August 23 2014

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Behind The Lens With Moss Lipow


Designer Moss Lipow is determined to give eyewear the fashion credit it deserves. The optical designer, who was named a CFDA/Vogue Fashion Fund finalist in 2010, has spent the last few years researching the history of the industry of the form for a new book, Eyewear: A Visual History ($60). “No other accessory gives you as much power to control the persona you project,” he says in the afterword to the tome. “Eyewear has always been a remarkable medium, but few have fully understood its scope or potential for beauty.” Here, Lipow talks to about the evolution of the industry and reveals his vision for the future of eyewear.

As a kid, you weren’t pleased to discover you had to wear glasses. When did your attitude toward eyewear shift?
It was in my later teens—I thought I was never going to get laid. However, I had an innate sense of style and I was really able to turn glasses to my advantage and look cooler than I did before.

At the time, who was wearing cool glasses and inspiring your eyewear choices?
Marcello Mastroianni, Jean-Paul Belmondo—take your pick of movies, really. I’m not sure if it was Breathless or another movie, but Jean Seberg was wearing a really cool pair. Also, the Chocolate Watchband guitarist had a great pair and I was going for the same look. It wasn’t a mod look, exactly, but it was a look that had a lot of modernist influence.

You have amassed a very large collection of vintage frames, many of which appear in your book. Why were you so focused on collecting, specifically?
If you are going to be a serious designer you have to be a serious scholar of your medium. It was about knowing my field as thoroughly as possible so I could have a strong command of what hadn’t been done. Nothing I do looks all that much like things that have been done before. I quit collecting a while ago and then decided to generate some projects with it. It was the larval stage of my development as a designer. It’s like a grad school and the book is a doctoral thesis.

Your book is focused on the history of eyewear through the years. What glasses, in your opinion, have been the biggest game changers for the industry?
I draw connections between the flow of culture and what eyewear looks like. Licensing has become, for the time being, a very pivotal force. The first collaboration between Schiaparelli and American Optical started an industry paradigm that continued indefinitely. Probably the most important modern one was the Armani deal with Luxottica—that was huge.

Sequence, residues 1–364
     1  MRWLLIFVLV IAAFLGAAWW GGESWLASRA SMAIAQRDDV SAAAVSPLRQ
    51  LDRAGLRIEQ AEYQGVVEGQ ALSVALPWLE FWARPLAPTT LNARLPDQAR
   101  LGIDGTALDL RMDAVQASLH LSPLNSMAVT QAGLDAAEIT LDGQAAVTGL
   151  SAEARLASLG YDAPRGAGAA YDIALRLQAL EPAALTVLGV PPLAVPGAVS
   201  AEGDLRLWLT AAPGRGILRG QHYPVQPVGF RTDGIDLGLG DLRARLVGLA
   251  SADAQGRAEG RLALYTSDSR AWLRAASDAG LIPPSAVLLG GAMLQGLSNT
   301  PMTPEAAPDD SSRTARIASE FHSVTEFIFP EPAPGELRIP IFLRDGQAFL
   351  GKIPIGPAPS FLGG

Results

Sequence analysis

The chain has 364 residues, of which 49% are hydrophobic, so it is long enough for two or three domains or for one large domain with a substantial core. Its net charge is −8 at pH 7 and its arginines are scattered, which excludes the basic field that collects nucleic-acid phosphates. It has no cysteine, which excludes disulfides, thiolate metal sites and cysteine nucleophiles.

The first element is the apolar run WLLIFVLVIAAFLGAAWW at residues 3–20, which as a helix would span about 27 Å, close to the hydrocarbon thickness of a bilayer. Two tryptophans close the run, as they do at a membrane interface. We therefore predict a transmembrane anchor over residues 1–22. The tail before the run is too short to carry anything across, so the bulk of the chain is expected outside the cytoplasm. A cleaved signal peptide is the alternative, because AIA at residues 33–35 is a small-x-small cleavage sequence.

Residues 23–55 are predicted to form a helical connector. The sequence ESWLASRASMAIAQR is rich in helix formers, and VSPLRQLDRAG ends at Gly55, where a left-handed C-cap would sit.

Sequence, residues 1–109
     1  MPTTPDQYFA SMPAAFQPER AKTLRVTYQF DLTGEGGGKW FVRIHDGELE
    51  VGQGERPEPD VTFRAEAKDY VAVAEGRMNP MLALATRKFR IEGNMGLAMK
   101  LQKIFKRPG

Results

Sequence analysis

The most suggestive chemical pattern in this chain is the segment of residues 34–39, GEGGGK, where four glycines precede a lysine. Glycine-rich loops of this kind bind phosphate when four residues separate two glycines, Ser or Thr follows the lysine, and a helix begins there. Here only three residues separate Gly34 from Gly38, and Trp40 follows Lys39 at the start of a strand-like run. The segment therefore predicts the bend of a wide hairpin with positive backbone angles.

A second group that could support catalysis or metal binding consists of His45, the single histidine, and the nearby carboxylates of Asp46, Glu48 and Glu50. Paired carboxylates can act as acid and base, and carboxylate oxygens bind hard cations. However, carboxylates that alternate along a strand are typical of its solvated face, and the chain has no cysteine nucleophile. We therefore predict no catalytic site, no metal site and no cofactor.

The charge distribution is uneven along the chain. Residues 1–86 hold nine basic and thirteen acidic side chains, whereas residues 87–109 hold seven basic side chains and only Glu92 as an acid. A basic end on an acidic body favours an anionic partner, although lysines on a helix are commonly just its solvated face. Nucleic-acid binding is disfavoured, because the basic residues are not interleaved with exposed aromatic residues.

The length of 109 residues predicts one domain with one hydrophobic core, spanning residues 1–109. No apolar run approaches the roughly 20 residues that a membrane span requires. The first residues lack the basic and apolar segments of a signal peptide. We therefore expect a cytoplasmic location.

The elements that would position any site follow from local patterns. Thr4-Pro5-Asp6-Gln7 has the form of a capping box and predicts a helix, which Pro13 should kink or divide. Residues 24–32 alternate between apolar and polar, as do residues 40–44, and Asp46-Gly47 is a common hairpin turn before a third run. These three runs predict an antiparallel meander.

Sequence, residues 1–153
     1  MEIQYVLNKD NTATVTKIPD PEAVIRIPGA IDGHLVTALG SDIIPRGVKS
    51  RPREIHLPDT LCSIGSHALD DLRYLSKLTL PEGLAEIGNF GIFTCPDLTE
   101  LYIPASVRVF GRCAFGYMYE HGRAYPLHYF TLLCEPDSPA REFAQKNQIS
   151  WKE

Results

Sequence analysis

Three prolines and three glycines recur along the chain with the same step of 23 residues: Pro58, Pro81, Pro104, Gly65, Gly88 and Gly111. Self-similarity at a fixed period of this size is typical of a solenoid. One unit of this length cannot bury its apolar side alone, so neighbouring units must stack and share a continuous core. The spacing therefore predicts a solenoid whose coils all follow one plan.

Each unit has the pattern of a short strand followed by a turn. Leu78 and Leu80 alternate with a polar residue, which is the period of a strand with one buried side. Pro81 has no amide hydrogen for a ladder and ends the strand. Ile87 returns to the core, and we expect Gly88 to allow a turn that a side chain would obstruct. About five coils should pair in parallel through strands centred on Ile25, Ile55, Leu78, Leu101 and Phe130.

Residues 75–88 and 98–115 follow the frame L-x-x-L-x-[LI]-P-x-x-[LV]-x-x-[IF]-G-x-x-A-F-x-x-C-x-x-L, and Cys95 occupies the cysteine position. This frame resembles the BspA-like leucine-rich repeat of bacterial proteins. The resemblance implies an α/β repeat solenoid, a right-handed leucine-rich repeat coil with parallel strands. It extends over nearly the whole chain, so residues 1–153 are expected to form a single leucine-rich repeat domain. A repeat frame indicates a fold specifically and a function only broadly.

Why did eyewear take so long to become legitimized in the fashion world?
Straight up, I think up until the fifties and sixties, the industry was in the hands of scientific lens manufacturers. It was always about functionality. When you started to get drugstore manufacturers, their focus was on how cool the glasses looked—that was like a watershed event. Then there was this proliferation of Hollywood movie stars wearing sunglasses and looking very glamorous and people really started to think about how eyewear can change the way people perceive you.

Where is eyewear headed?
The direction is greater self-awareness of its power as an accessory. People understand the image they are sending to the world. I think we are going to see a greater focus on better materials and on people wearing statement eyewear.

Aren’t we already seeing that right now?
Mostly only in New York. When I make styles and they are cool, the market is limited. You are going to see more of a sensibility where it gains greater acceptance. Even among people with taste, the taste will become further refined. That is the greatest potential area for expansion as a fashion item. As a designer, I would like to let people know the rich possibilities in the way they express themselves with their eyewear. I would like to help people with the language.

What’s next for you?
The biggest thing coming up is a launch of my first line in about three years because I took time off to do the book. The next thing is a fashion memoir.

Photos: Rainer Hosch; Courtesy of Taschen